After we'd set up our tent, we went along the ridge to a little place where water gathered in the notch on the side of a rick escarpment - a little pool of water, perhaps six feet wide - to fill our water treatment canteens. After we got our water, we were just sitting there by the pool, quietly enjoying the moment as twilight descended.

Just before it got dark, a little bat came along for a drink. Not startled by us, I guess because we'd been so still for several minutes, the little creature hovered a few feet over the water, then dipped down for a slurp. Hovered again, then dipped down for another slurp. The gentle hum of its wings was the only sound as we watched the little guy, only a few feet scant in front of us. Hover, slurp. Hover, slurp.

After a few dozen dips, he hummed off. The spell was broken, and I heard myself and Adam let out a gasp where we'd both been holding our breaths, watching the magical display. The grace and efficiency of motion of that little bat was quite stunning. The impression it made remains makes it one of my favorite experiences observing animals in the wild.
posted by darkstar at 11:04 PM on September 25, 2009


Jebus, i should proofread better.
posted by darkstar at 11:06 PM on September 25, 2009


I love bats. I love everything about them except their smell. We've got a fairly large fruit bat colony near us but we also get the smaller insectivorous ones. I can hear them hunting (my husband can't) and I think it's totally awesome. It's right up on the threshold of hearing, but the closest I can render it is a very sharp "twit...twit...twit". They sometimes swoop down the side of the house and the echolocation does the whole Doppler thing so I can hear them coming and going. Sometimes they fight in the trees outside the house for the sweet nectar in the flowers and the squealing sounds like some madman trying to etch glass. I know I'm probably only hearing their bottom register, but I wonder what the rest of it is like.
posted by ninazer0 at 11:27 PM on September 25, 2009 [1 favorite]


I love bats too, and can still hear them which amazes and thrills me. When my toddler was around 2 years she had trouble falling asleep without a nightly walk to wind down, we'd walk past the river up a street where the 1970's houses have very strange rooftops that bats have decided to call home. You could walk down the silent street toward the water and watch the bats fly to the river. My 2 year old got really god at locating them and pointing with great accuracy to where they could be seen for a brief second. We even saw them dip down to the water, but I thought they were going for low-flying insects. It was our little nightly adventure.
posted by dabitch at 1:09 AM on September 26, 2009 [1 favorite]


*FLASH* I'm blind! I'm blind! Oh, wait. I'm a bat. Carry on!
posted by steef at 4:58 AM on September 26, 2009 [4 favorites]


A squirrel weighs 1% or less of what a human does. It's not unreasonable, then, to assume that its daily water intake is somewhere on the order of 1% of ours. Even if you base your estimate on one of those fanatics who drinks eight glasses of water religiously every day, that comes out to a bit over a tablespoon.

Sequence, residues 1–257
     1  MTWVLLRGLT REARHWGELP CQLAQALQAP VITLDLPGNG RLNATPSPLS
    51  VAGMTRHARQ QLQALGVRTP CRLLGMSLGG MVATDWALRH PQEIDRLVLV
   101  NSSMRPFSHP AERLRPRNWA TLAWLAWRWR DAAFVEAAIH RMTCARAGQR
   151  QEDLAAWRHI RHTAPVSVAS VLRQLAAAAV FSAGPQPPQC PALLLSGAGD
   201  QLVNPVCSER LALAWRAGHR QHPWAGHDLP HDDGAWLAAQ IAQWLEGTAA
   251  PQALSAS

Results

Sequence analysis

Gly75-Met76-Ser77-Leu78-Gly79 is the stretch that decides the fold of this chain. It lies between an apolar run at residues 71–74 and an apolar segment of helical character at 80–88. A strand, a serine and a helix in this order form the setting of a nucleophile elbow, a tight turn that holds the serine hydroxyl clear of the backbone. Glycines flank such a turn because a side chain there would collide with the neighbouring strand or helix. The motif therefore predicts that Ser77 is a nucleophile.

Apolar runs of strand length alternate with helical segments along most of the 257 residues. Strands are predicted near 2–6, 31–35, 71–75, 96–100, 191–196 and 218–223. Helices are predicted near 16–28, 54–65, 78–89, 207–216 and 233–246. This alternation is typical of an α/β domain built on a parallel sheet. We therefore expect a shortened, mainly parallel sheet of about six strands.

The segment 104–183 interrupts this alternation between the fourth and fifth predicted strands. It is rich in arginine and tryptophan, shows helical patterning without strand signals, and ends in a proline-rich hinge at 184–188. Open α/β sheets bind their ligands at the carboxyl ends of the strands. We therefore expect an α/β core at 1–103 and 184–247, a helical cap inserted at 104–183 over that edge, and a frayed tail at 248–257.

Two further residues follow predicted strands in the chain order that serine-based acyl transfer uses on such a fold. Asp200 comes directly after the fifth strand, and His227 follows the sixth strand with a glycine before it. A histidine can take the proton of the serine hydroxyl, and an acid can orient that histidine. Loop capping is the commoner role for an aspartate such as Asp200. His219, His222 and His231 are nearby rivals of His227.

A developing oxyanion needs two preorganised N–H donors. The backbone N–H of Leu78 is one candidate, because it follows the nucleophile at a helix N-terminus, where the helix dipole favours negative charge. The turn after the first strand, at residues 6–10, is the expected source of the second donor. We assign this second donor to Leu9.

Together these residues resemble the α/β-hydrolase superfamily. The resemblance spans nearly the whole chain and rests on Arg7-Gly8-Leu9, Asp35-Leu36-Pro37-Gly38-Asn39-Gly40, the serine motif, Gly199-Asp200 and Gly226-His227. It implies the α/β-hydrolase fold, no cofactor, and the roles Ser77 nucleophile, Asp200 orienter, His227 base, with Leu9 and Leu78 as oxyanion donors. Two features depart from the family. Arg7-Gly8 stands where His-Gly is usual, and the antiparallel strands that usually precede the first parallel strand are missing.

I don't know how many dewdrops are in a tablespoon, but one way or another, I bet if I gave you 24 hours to accumulate a tablespoon of water from the stuff in your yard, you'd figure out a way to do it.
posted by nebulawindphone at 7:19 AM on September 26, 2009


Bats are amazing, as its the word 'bat'. That's a great name for an animal. If you were a bat you'd totally take the piss out of the squirrels for being called squirrels. "Oooh, squirrrrrrrrel."
posted by Summer at 9:20 AM on September 26, 2009 [1 favorite]


Fantastic! These exhibit exactly the sort of behavior I'd expect from these unspeakable, giant bugs.
posted by aladfar at 10:19 AM on September 26, 2009


I'm surprised I'm the first person in this thread to ask this, but what the hell is a bat detector?
posted by tehloki at 5:29 PM on September 26, 2009


Hmmm okay after RTFA it appears it is some kind of device that detects bats. Wacky!
posted by tehloki at 5:30 PM on September 26, 2009


A bat detector, and a good candidate for a winter time evening project.
posted by jquinby at 6:50 PM on September 26, 2009 [1 favorite]


jquinby, that is very cool.
posted by small_ruminant at 9:19 PM on September 26, 2009


Bat sounds from around the world.
posted by Sparx at 2:17 PM on September 27, 2009


There's no such thing as a Bat Detector Van.
posted by CunningLinguist at 10:21 AM on September 28, 2009 [1 favorite]


There's no such thing as a Bat Detector Van.

The Loony Detector Van, you mean.
posted by jquinby at 10:28 AM on September 28, 2009 [1 favorite]


I like having bats around and I do whatever I can to encourage them to take up residence around my house. I like to think of them as my own personal demonic army; sweeping forth every night to do battle with the insect forces which have plagued me during the day and dusk.

Plus, they make the sweetest little chirping as they navigate around. ("Twit...Twit...Twit.." is just about how I would describe it as well). Some people find them scary, I find them way too useful and, well, kinda cute.
posted by quin at 12:58 PM on September 28, 2009 [1 favorite]